Have you had a co-op? Are you currently working one or going through the application process? Drexel’s co-op program is one of the university’s main attractions, known for the advantages it offers to undergraduate students. However, after speaking with students around campus during the recent co-op cycle process for spring/summer 2024, many students expressed their concerns regarding the program.
A second-year psychology student currently working at her first co-op claims, “Drexel advertises that we could make $20,000 a co-op but as a psych major most of our options are either unpaid or offering a sum of money that is nowhere near what I expected.”
Currently working 20 hours a week as an unpaid intern, she had to make the tough decision between experience and financial stability. The lack of paid positions, such as research positions, put students in difficult situations. Overlooking their financial situation is a privilege not every student has. Many students may give up an unpaid prestigious offer and accept a paid job because they cannot take the risk of being unemployed for an extended period of time.
Drexel should consider requiring their co-op employers to provide students with a stipend. The university needs to recognize that it is not feasible for the majority of students to receive no financial compensation whilst working for six months.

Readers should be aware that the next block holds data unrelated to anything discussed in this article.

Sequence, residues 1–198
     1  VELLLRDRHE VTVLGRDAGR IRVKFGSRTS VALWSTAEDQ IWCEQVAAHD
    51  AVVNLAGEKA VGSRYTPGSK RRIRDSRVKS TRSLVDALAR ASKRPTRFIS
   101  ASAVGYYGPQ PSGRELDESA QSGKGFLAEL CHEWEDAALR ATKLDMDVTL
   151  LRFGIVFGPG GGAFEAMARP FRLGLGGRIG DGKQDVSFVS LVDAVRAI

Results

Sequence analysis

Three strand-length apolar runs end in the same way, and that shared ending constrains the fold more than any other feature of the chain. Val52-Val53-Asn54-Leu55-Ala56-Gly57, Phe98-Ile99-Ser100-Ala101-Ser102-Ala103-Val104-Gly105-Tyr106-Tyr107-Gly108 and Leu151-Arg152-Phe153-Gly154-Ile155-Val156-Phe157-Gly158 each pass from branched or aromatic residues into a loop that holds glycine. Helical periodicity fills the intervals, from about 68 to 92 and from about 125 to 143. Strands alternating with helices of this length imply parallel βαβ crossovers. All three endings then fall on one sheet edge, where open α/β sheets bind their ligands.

Additionally, juggling multiple interviews during finals week is no easy feat. Especially for first-timers, the mixture of nerves and stress that come with preparing for interviews requires careful time management. Rushing from class to quickly change into proper business casual attire for your Zoom interview can leave you feeling both physically and mentally drained.
Despite the mandatory COOP 101 class students are required to take, many feel underprepared, learning to navigate the process as they go.
A third-year data science student shared her journey as she applied to co-ops for the first time.
“I encountered many frustrations during the process, one of them being that you hear different types of information from different people. For example, when creating resumes COOP 101 has a different opinion on what should be on our resume compared to our co-op advisors. Then when you ask a student who has received a co-op already, they also have a difference of opinion on what should be included on our resumes. This makes the process pretty confusing as you don’t know what to include/not to include on your resume which also adds stress to whether you put the right things on it or not.”
The student continued to express how she felt while balancing studying for her finals and getting last-minute projects/essays in on time at the same as giving interviews.
“All of this adds a bit of pressure as you don’t know what to expect since there are so many different viewpoints on various parts of applying to co-ops.”
Having recently undergone my first co-op cycle, my biggest advice to you all is to remain organized and strategically space out your interviews to avoid burnout.
Congratulations to those who have already accepted an offer this co-op season and to those going into Round B, I wish you luck and may the odds be ever in your favor.